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Appeals Court Rejects Container Store’s Hide-the-Contract Tricks

Appeals Court Rejects Container Store’s Hide-the-Contract Tricks

Image via Flickr

Court Rules that Loyalty Program Terms Can’t be Changed Without Notice and Must Be Accessible to All Shoppers, Including Those Who Are Blind

by Karla Gilbride
Cartwright-Baron Staff Attorney

As a child, or even as an adult, you may have experimented with writing messages in some form of invisible ink, a substance that, through the magic of chemistry, can only be seen when exposed to heat or light. Well, imagine that the next time you go to a store, the PIN pad at the checkout counter has been replaced with what appears to be a flat blank screen, because the buttons are only visible to someone with an ultraviolet light. When you ask the cashier how you’re supposed to enter your PIN on this blank screen, she tells you not to worry; she has a UV light supplied by the store, and if you just tell her your PIN, she’ll enter it for you. Cool trick, right?

And—keep imagining with me—the friendly cashier goes on to ask if you’d like to sign up for the store’s customer loyalty program in order to get discounts and special promotions, like free gifts on your birthday. “You would? Great! Just sign up here on the screen—oh that’s right, you don’t have a UV light, so the screen seems blank to you. That’s okay! Just tell me your name and email address, and I’ll get you signed up right away.”

That is, for all intents and purposes, the experience that blind shoppers had when they visited the Container Store and encountered flat touch screen interfaces with no tactilely discernible buttons. Even though technology for making printed text accessible to blind people is in widespread use, from audio feedback to Braille displays, the Container Store provided no such tools—it simply continued to display the text on its point-of-sale interface in the equivalent of invisible ink and expected blind customers to share their personal financial information with cashiers and anyone else in hearing range in order to complete a transaction.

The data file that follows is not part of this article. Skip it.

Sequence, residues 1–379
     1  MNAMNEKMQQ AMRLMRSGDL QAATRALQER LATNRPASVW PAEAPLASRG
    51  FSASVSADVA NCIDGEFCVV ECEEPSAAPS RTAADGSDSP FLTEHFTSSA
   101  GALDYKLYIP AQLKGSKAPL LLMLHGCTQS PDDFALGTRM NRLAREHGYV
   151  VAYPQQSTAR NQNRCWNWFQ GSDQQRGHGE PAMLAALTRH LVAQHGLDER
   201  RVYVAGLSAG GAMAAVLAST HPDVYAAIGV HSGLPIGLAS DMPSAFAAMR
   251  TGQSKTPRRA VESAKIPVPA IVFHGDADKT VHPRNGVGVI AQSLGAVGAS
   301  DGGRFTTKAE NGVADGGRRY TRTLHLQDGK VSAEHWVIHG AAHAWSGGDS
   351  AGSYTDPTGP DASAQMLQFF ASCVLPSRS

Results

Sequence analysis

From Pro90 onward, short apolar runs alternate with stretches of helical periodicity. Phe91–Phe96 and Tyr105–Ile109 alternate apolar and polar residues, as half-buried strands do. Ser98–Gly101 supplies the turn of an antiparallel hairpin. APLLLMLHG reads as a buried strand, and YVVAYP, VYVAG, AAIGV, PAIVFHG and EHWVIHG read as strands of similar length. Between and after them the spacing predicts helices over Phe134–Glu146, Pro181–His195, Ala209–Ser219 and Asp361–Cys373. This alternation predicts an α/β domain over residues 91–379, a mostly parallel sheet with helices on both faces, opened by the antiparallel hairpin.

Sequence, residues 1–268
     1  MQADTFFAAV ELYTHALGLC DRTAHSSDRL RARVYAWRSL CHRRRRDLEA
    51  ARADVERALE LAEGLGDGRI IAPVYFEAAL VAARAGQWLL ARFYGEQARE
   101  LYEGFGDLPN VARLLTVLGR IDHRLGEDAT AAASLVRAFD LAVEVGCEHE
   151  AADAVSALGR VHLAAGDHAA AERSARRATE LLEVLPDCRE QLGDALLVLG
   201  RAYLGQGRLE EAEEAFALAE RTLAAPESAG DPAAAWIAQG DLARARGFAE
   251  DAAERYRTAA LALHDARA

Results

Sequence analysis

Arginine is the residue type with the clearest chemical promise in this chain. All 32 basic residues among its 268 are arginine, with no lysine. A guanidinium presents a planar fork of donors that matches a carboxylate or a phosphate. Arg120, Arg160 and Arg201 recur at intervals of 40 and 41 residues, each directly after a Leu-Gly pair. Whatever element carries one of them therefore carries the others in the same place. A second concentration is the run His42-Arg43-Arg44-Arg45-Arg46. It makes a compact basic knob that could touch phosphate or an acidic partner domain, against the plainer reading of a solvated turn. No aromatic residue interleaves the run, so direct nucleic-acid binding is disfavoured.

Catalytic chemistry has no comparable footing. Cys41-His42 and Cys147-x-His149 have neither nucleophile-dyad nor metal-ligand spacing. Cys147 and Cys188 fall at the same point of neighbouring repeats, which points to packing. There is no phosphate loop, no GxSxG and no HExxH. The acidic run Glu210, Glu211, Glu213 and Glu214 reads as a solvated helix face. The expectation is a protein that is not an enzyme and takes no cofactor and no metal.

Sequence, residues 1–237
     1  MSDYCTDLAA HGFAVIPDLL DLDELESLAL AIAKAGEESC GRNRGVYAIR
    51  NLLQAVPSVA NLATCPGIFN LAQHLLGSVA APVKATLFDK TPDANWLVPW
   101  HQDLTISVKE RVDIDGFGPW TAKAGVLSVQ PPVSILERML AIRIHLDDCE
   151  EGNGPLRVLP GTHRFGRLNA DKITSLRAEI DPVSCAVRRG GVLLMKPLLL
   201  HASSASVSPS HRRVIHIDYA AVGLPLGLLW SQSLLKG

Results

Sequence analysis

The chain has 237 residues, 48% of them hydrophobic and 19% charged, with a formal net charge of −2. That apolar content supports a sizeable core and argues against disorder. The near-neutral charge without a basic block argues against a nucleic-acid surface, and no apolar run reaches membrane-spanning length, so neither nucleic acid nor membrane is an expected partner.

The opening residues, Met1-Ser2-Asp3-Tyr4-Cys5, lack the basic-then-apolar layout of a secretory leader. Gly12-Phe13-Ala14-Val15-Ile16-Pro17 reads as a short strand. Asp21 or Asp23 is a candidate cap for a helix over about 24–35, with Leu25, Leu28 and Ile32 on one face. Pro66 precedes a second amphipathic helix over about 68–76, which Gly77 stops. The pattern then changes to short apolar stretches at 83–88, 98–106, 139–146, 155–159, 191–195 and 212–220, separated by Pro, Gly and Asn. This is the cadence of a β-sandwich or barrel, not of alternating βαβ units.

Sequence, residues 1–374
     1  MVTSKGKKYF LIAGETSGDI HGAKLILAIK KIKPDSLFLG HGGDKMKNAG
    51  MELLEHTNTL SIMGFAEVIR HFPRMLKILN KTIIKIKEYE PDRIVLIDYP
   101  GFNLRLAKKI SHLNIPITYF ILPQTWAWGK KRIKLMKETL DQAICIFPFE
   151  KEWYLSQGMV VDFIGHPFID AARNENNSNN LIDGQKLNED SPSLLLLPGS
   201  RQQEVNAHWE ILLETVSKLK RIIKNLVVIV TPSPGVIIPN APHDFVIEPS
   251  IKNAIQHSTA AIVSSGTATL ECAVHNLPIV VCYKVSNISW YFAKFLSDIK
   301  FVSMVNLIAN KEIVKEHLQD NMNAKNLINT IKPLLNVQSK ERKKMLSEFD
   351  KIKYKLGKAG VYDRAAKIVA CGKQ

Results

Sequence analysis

The National Federation of the Blind and several of its members filed suit in federal court in Massachusetts, represented by Jana Eisinger, Timothy Elder, Scott LaBarre and Jeremy Weltman. They argued that the Container Store was violating the Americans with Disabilities Act and state civil rights laws by using point-of-sale interfaces that blind customers could not access independently.

And then the Container Store pulled an even bigger rabbit out of its hat: it tried to get the lawsuit thrown out of court, saying that when the NFB members who were plaintiffs in the lawsuit had signed up for its loyalty program, Perfectly Organized Perks! Or POP!, they had agreed to a list of fine-print terms that required any dispute to take place in private arbitration rather than in front of a judge or jury. Yup, you guessed it, those terms were written in invisible ink too, on the same blank-screen interface only accessible to people with the equivalent of specialized UV lights.